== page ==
• …but give credit where credit is due! you should definitely make sure you give Mary Francis proper credit for the fine things she’s telling you about intellectual property!
    • citing sources gives proper credit, supports your text, and lets readers check your sources (see for yourself: so very bloggy)


Lecture Part 2: Dr. Moran does the course intro

Our text is by Ray Panko! Mark is buds with him! Panko likes canoeing. (Panko also digs spreadsheet research.)

Early papers graded more on APA style, refs and such than content.

Expect about 100 points worth of work each two-week cycle. We have three assignments this first cycle:

  1. Assignment 1 from the text
  2. Network plan
  3. Pick a Big Paper topic
    1. doesn’t need to be a big honking doctoral paper! just a knowledge paper! history, background, how-to… maybe even a position paper!
    2. Draft due in March

Assignments generally due the night before class!

TCP/IP is a big deal: you can’t come out of a networking class without knowing how TCP/IP works!


Panko, Chapter 1: An Introduction to Networking

Four ways to identify a computer on a network:

  1. Physical address (a.k.a. MAC: Media Access Control; doesn’t change unless you’re hacking to hide yourself)
  2. IP address (changes a lot)
  3. name (Microsoft likes that)
  4. port (usu. stuck w. IP)

Network basic def: communication system that allows application programs on different hosts to work together

Host: anything attached to network; anything with an identifier

Application standards (a.k.a. protocols) govern communication between application programs

HTTP (Hypertext Transfer Protocol) standardizes communication between browsers (clients) and Web servers

  • HTTP is an open standard (thank you, DoD)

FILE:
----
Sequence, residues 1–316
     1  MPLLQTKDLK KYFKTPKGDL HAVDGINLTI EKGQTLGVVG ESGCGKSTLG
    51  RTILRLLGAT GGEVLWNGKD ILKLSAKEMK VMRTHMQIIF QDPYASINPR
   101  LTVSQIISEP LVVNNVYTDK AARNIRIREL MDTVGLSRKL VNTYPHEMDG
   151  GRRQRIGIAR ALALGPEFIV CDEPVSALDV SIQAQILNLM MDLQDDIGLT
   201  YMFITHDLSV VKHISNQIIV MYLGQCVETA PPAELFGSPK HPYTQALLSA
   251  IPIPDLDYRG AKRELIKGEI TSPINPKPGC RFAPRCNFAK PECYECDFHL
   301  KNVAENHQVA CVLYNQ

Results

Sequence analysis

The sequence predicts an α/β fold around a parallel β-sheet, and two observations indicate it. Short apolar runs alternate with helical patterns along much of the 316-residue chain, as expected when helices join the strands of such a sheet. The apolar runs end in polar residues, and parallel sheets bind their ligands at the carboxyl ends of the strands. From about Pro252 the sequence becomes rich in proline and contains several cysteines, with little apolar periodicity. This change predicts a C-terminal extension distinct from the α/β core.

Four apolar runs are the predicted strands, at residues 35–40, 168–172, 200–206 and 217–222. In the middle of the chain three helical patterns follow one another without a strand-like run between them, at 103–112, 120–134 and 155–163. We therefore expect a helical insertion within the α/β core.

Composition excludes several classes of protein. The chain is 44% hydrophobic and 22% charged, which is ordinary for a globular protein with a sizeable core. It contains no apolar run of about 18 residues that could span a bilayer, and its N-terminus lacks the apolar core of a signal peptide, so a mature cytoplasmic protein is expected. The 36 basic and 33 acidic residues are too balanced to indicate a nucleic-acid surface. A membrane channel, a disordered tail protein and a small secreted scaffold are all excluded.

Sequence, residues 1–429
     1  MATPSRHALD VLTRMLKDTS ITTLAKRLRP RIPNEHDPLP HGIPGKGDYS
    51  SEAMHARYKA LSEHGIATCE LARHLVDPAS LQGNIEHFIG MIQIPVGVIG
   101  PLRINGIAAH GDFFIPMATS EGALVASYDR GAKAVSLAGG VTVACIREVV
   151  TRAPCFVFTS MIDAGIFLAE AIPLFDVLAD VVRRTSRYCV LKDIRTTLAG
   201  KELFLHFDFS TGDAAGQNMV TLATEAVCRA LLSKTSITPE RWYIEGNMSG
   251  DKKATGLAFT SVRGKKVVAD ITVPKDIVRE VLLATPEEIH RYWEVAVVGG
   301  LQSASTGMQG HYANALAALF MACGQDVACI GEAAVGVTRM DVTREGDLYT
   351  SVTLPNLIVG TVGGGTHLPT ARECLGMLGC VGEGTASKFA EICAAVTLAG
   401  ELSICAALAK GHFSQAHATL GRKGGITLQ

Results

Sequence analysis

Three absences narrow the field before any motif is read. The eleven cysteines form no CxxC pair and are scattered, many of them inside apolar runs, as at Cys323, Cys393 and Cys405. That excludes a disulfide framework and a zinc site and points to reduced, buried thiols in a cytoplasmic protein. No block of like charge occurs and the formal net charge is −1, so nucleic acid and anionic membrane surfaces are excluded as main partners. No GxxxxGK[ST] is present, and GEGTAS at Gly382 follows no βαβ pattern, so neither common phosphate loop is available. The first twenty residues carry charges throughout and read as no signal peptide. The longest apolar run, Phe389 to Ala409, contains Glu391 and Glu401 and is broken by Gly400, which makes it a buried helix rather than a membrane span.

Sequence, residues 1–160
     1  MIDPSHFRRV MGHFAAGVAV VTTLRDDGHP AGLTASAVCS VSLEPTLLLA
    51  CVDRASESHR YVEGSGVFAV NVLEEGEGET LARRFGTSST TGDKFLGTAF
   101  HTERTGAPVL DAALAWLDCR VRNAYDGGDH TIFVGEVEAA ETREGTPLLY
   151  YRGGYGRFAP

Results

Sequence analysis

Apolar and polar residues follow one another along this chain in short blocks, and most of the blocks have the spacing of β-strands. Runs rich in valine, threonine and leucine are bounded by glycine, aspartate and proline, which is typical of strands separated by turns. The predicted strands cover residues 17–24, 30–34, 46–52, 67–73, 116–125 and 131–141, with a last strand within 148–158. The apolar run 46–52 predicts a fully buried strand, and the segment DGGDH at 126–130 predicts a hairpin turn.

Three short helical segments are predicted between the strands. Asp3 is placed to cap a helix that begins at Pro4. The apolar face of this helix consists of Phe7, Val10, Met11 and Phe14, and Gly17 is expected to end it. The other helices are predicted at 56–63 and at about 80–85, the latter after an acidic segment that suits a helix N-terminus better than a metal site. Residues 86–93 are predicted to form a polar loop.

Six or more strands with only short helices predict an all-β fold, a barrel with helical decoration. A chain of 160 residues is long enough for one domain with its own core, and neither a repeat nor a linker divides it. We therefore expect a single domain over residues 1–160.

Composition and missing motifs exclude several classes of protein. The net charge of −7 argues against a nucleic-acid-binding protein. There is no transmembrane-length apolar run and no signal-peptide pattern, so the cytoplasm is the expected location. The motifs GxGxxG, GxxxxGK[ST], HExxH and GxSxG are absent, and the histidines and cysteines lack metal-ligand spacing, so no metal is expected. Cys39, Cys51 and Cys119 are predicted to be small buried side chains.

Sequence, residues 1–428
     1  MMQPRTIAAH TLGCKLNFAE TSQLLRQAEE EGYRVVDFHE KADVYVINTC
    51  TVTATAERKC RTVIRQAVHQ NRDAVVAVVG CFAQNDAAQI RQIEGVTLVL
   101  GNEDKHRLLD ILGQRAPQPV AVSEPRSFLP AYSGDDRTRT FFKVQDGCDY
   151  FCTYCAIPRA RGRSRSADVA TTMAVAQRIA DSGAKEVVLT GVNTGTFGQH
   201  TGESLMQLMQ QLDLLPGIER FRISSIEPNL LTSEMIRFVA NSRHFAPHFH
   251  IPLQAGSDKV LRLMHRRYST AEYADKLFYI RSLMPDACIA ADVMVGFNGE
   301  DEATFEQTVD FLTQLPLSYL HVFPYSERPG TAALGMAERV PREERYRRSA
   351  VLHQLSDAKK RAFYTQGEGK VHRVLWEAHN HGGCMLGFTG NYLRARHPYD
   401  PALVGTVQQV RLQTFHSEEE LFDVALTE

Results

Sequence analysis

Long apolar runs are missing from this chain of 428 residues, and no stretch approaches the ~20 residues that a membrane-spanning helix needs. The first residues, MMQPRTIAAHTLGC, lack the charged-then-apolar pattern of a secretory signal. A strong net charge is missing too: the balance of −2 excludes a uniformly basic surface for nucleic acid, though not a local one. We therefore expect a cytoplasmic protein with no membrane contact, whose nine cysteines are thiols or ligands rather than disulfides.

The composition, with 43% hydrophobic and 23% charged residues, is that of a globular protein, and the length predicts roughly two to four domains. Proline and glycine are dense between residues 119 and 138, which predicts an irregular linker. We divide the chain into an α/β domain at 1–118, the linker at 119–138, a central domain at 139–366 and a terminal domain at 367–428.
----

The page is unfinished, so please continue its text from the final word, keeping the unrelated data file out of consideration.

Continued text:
• created by Defense Advanced Research Projects Agency circa 1970
  • served researchers doing business with DARPA
  • connected several sites nationwide
  • some of first networked apps created for ARPANet
  • eventually became the Internet (1980)
  • ARPANet evolved into Milnet (very secure, very paranoid)

Other early networks:

  • CSNET in computer science
  • BITNET in biz and soc sciences
  • Ethernet: Xerox came up with it before APRANet, made it free (and thank goodness)


  • DARPA created 1980
  • became commercial 1995
  • 1996: Bill Gates gets serious about Internet
  • almost no gov’t money keeping ‘Net afloat now

Traditional Internet Apps:

  • File Transfer Protocol
  • E-Mail
  • World Wide Web
  • E-Commerce

Internet is a global transmission system. WWW is an app!

Newer Internet Apps:

  • Instant Messaging
  • Streaming Audio/Video
  • Voice over IP
  • Peer-to-Peer Apps

[ITCTel runs fiber-optic to Lake Madison; Mark gets his TV over IP!]

Web 2.0, ERP (DSU does PeopleSoft/Oracle because USD got SAP, and SAP only works with one university per state)

Quality of Service:

  • indicators of network performance
  • this is really important! the network must work! people count on it like air!
  • lots of diff metrics (speed, error rates, latency and jitter…)


  • attacks can be costly
  • ARPANet once had 4 nodes: who needed security?
  • cryptographic protections
  • shades of getting away from the bear: you at least want to be more secure than the other guys

Ethernet: switched networks!

  • messages are called frames
  • switched networks use MAC addresses (media access control) in hexadecimal!
  • DSU: each building is its own domain, separate network; relatively small camppus-wide network with just a couple thousand computers
  • core switch and workgroup switches

Routed networks use IP addresses (and those can change! that’s why routed networks are slower!

  • routers have to be faster because they have to ask other routers where things are (smarter, take more processing time)

ISP subscriber payments finance the Internet

WANs, LANs, and PANs (personal area networks!)

  • big distinction: go from LAN to WAN and you lose control of the delivery mechanism (gotta use Qwest, DDN,…)
  • WANs and LANs all can be routed or switched

Network Management much more automated now

  • When Mark started here, we had just 600+ students, but we had more network tech managers than we do now, since so much had to be done manually

Simple Network Management Protocol (SNMP):

  • manages multiple devices from central location
  • collects info about each managed device
  • can sometimes reconfigure managed devices remotely


Possible topics for Cory’s semester paper:

  1. Community wireless networks (WiMAX impact)
  2. rural broadband, impact of infrastructure stimulus
  3. replacement of in-house networks with virtual/WiMAX